LANSING, Mich. — Today Governor Gretchen Whitmer along with Lt. Governor Garlin Gilchrist, formed the bipartisan Task Force on Juvenile Justice Reform, the first of its kind in the State of Michigan. This Task Force will focus on analyzing our juvenile justice system, while recommending proven practices and strategies for reform grounded in data, research, and fundamental constitutional principles.
“Michigan is a national leader in criminal justice reform, and today we continue towards implementing real changes that will help young Michiganders when they are exposed to our criminal justice system,” said Governor Gretchen Whitmer. “We believe that we must reduce people’s contact with the system in the first place, but when they do come into contact, we must especially treat our youngest Michiganders with dignity, humanity, and respect. One mistake early on in a child’s life should not destroy their opportunities for a positive future.”
This task force will exist as a partnership between the county and state leaders, as well as other leaders involved in the juvenile justice system. Additionally, the Task Force's goal will be to develop an ambitious, innovative, and thorough analysis of Michigan's juvenile justice system, complete with recommendations for changes in state law, policy, and appropriations to improve youth outcomes.
"When I first took office, I made it clear that I would focus on building and delivering fundamental reforms to make our communities safer and improve people's outcomes who come into contact with our criminal justice system," said Lieutenant Governor Garlin Gilchrist. "This Task Force will examine a system that is not working. Michigan still detains youth at one of the highest rates in the nation and is nearly unparalleled in our practice of detaining youth for non-criminal behavior. Today we begin a new process to change this system in a way that will position these young Michiganders for success."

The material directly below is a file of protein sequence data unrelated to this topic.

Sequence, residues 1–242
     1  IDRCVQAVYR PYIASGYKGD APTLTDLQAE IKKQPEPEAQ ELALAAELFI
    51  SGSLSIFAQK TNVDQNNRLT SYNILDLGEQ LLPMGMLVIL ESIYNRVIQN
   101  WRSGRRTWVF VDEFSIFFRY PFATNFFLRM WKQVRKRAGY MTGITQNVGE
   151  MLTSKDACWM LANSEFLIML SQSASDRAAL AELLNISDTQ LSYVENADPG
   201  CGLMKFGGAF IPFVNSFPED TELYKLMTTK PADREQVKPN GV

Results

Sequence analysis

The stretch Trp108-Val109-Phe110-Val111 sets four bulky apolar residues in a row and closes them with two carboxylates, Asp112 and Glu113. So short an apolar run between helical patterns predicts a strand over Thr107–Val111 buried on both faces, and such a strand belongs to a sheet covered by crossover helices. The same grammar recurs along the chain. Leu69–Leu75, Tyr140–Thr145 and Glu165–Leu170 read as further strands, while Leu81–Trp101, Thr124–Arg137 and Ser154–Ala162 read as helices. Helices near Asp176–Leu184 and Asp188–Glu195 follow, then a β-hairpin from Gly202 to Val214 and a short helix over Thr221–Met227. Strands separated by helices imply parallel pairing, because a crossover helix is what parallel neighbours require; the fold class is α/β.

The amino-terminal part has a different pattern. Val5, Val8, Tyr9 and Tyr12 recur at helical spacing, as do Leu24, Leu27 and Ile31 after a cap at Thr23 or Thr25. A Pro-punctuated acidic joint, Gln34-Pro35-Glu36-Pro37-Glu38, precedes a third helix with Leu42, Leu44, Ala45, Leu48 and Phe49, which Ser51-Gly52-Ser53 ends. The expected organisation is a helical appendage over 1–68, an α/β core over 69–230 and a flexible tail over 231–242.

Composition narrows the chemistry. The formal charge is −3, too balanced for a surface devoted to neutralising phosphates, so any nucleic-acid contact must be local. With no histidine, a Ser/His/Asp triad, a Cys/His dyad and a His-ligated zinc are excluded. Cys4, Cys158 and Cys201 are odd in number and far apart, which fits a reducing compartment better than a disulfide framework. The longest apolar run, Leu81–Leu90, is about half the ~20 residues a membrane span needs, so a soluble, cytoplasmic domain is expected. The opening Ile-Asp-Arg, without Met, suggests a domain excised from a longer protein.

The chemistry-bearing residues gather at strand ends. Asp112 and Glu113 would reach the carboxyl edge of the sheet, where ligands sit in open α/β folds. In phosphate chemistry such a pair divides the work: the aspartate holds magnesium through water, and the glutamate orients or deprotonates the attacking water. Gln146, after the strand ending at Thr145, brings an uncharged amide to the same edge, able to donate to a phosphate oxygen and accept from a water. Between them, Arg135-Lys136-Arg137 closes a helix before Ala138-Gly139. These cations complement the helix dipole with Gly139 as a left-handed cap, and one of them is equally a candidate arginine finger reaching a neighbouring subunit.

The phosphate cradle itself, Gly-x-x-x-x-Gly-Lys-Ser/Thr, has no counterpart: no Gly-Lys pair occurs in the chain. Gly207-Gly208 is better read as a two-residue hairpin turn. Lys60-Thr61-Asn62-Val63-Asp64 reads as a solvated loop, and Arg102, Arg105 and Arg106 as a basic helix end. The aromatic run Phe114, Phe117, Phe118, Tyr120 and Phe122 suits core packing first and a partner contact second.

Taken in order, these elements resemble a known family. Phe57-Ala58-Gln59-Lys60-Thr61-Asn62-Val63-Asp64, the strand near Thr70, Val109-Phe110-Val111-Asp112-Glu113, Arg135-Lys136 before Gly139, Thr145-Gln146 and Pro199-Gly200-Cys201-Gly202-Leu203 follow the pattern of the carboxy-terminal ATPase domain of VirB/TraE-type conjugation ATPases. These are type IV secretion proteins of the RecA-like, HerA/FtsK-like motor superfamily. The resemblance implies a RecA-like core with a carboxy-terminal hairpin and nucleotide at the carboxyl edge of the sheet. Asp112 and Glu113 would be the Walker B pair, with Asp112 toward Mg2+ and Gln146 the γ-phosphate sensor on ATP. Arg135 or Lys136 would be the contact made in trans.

"This task force will become an integral part of bettering our state's juvenile justice system and I'm proud to support a proactive approach to necessary reforms," said Attorney General Dana Nessel. "Just last month, I led a coalition of attorneys general in asking the federal government to address how disparities in school discipline negatively impact students from marginalized communities who are more likely to enter the criminal justice system as a result. It is imperative to have an all-hands-on-deck approach to systemic issues - nationally and locally - and I firmly believe this task force is another avenue that provides an opportunity to enact positive change for Michigan's youth."
“Our Ingham County Family Center is a shining example of the deliverable we as a state can produce with the direction and vision through this executive order by Governor Whitmer,” said Judge Lisa McCormick.
The Council of State Governments (CSG) Justice Center will perform the review, which will examine the system from diversion through reentry. The national, nonpartisan organization, known for developing research-driven public safety strategies, will share its findings with the [commission] and identify approaches to enhance the state’s juvenile justice system.